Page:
While a considerable improvement over recent efforts, the campaign is not without its flaws, and there are times when the messiness of previous single-players rears its head. About a third of the way through the story, the campaign introduces a bunch of optional side-missions, which either involve infiltrating a Capital Ship for stolen weaponry, or taking on a squadron of enemy spacecraft. They’re varied and entertaining enough, but they obliterate the campaign’s earlier efforts at presenting seamless action. It’s almost like they had two separate ideas, a shooter where one mission flows neatly into the next, and a more open, Mass Effect-like structure. They then made a compromise in the middle, to the detriment of both concepts.
Moreover, as usual the story wrestles with tonal consistency, albeit less so than previous efforts. Unlike before, the game is actually aware of the questionable power dynamic between its two factions, and so overtly addresses this by putting you on the back foot. There’s even a moment when one character explicitly states, 'When did we become the underdogs?'. Even so, Call of Duty still presents a highly simplistic, one-sided view of conflict, with faceless enemies headed by an obviously psychotic leader.
Furthermore, while the voice acting is first rate and the script sharply written (including some cracking one-liners from your robotic companion Ethan), there’s a bizarre flatness to the ensuing drama. The entire story is threaded with a morbid inevitability that means when tragedy strikes (as it does frequently), it’s difficult to really care about the characters involved. Nevertheless, in the seven or eight hours that Infinite Warfare’s campaign lasts, I was never bored, and while it doesn’t quite equal the brilliance of Doom or Titanfall 2, it isn’t massively inferior either.
Sadly, the same cannot be said for Infinite Warfare’s multiplayer. Again, Infinity Ward have made attempts to innovate, but here I think they’ve been restrained by the expectations of the fanbase. The biggest change is the introduction of 'combat rigs', which are essentially classes suited to different play-styles. Each rig comes equipped with different Payloads, extremely powerful abilities that gradually charge up over the course of a match. For example, the payloads of the Warfighter (the default Assault class) include a rapid-fire, crossbow-like weapon that can bounce projectiles around corners, while the heavy 'Merc' class is granted access to armour that vaporises incoming fire. The most interesting Rig is the FTL, who can teleport short distances, and even briefly step into an alternate dimension to ambush enemies and evade attack.
Coupled with the double-jump and wall-running abilities which are apparently now standard in Call of Duty, what you’re faced with is a halfway house between Titanfall and Overwatch, a highly kinetic and acrobatic FPS with a diverse range of classes that are capable of countering each other in dozens of ways. The problem with this is that it feels like a halfway, like a game that has run out of ideas and is now simply borrowing them from elsewhere.
You can see this, too, in the multiplayer’s scattershot approach to maps and modes.
Thematically the maps are all over the place, ranging from the ice-covered corridors of Frost through the beautiful Gothic streets of Retaliation, to the futurist cityscape of Precinct. Yet the superficial themes bely the fact that most maps are highly similar networks of twisting, gunmetal corridors. These also feel extremely cramped after the airiness of Overwatch, Titanfall and Battlefield. Modes too, are all slight variations of deathmatch, domination, and capture and hold. There are seventeen modes in all, but the only one that comes close to standing out is Frontline, where larger teams of players all spawn in the same base area, and are provided with beefier health bars for longer, larger scale encounters.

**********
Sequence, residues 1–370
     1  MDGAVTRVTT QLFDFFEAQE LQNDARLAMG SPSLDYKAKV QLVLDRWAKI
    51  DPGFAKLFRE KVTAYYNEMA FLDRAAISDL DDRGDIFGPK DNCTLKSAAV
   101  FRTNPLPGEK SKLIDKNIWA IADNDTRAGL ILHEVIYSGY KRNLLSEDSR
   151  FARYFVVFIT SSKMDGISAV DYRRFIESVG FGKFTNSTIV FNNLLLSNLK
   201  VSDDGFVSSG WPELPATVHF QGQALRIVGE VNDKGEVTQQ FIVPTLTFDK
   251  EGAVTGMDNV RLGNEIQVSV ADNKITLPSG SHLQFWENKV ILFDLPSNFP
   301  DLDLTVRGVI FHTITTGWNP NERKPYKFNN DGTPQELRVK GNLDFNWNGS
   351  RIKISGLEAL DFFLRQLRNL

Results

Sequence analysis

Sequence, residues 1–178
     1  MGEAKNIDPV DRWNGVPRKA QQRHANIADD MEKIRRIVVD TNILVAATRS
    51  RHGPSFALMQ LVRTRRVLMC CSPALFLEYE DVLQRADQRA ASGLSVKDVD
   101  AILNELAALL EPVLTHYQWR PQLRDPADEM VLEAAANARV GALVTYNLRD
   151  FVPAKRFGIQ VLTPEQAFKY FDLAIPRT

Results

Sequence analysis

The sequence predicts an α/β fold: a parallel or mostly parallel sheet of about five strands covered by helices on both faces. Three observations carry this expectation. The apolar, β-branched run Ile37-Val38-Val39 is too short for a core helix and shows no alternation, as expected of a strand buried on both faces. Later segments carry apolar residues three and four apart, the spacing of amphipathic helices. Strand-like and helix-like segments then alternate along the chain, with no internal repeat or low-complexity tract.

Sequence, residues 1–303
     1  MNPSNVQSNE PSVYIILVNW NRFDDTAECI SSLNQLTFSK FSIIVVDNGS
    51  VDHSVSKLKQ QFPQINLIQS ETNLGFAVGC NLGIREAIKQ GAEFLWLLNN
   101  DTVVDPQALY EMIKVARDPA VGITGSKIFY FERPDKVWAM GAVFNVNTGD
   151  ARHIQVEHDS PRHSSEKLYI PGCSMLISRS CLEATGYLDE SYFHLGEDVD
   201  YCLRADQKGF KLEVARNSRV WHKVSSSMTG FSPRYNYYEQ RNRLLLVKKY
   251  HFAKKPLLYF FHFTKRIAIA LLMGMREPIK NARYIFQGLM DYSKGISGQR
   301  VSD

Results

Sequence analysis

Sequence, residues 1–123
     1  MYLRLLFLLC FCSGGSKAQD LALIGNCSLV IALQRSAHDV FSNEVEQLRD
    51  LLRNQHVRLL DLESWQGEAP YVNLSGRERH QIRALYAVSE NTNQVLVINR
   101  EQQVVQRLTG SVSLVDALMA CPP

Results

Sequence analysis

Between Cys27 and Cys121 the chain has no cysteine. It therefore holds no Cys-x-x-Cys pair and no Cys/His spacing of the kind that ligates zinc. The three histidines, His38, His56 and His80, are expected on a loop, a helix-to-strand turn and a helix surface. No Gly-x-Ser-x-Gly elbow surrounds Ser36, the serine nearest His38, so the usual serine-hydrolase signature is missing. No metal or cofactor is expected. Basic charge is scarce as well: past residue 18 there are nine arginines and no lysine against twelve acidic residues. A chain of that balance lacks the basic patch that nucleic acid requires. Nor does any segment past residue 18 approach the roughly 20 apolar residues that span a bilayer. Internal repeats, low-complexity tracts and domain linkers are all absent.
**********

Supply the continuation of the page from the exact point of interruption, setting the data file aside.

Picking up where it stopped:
What’s particularly baffling is the space theme which is so strongly emphasised in the single-player is barely evident at all in the multiplayer. You can’t leap into the cockpit of a Jackal Interceptor and go dogfighting with your mates. You can’t battle in Zero-G around the hull of a spaceship. There was a huge opportunity here to reinvent Call of Duty’s multiplayer, to make it compete with Battlefield in both in terms of scale and spectacle in a relatively unexplored setting for multiplayer shooters.
Clearly, though, there’s a strong expectation of what Call of Duty multiplayer comprises, and rather than radically change that, each iteration simply adds more stuff in. You can almost hear Infinite Warfare creaking under the weight of all the Rigs and Payloads and Unlocks and Maps and Modes. The result at the end is a brownish, nondescript midpoint between other, better multiplayer shooters.
You’ll find considerably more personality in the Zombies mode, which this year sees you and/or your mates starring in a series of 'Films' by acclaimed horror director Willard Wyler, whose pictures, it turns out, are so convincing because people really do die in them. It’s a sufficiently entertaining distraction with a surprising amount of interactivity in the environments, although I still find the mode’s zombies oddly unsatisfying to shoot.
In the end, I think Infinite Warfare is a decent shooter, but it has been unfortunate to launch in a year where several truly brilliant shooters have beaten it to the punch. Despite this, I think Infinity Ward ought to be pleased with the work it's put out, especially in the single-player campaign. Ultimately, Infinite Warfare isn’t the revolution the developers perhaps hoped it would be, but it is unquestionably a step in the right direction.